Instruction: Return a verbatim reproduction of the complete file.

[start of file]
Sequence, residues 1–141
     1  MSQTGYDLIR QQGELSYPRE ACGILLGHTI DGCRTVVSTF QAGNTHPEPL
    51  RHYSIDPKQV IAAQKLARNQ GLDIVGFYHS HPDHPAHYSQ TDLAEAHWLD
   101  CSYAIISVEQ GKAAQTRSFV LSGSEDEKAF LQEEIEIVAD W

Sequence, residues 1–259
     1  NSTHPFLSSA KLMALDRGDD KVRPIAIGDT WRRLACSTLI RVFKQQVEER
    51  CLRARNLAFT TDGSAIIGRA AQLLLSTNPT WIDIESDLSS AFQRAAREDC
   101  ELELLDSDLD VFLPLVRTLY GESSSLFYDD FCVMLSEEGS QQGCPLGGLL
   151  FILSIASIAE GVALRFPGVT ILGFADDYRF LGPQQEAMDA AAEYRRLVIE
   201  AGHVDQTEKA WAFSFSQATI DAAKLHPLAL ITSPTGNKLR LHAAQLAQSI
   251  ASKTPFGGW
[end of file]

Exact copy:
Sequence, residues 1–141
     1  MSQTGYDLIR QQGELSYPRE ACGILLGHTI DGCRTVVSTF QAGNTHPEPL
    51  RHYSIDPKQV IAAQKLARNQ GLDIVGFYHS HPDHPAHYSQ TDLAEAHWLD
   101  CSYAIISVEQ GKAAQTRSFV LSGSEDEKAF LQEEIEIVAD W

Sequence, residues 1–259
     1  NSTHPFLSSA KLMALDRGDD KVRPIAIGDT WRRLACSTLI RVFKQQVEER
    51  CLRARNLAFT TDGSAIIGRA AQLLLSTNPT WIDIESDLSS AFQRAAREDC
   101  ELELLDSDLD VFLPLVRTLY GESSSLFYDD FCVMLSEEGS QQGCPLGGLL
   151  FILSIASIAE GVALRFPGVT ILGFADDYRF LGPQQEAMDA AAEYRRLVIE
   201  AGHVDQTEKA WAFSFSQATI DAAKLHPLAL ITSPTGNKLR LHAAQLAQSI
   251  ASKTPFGGW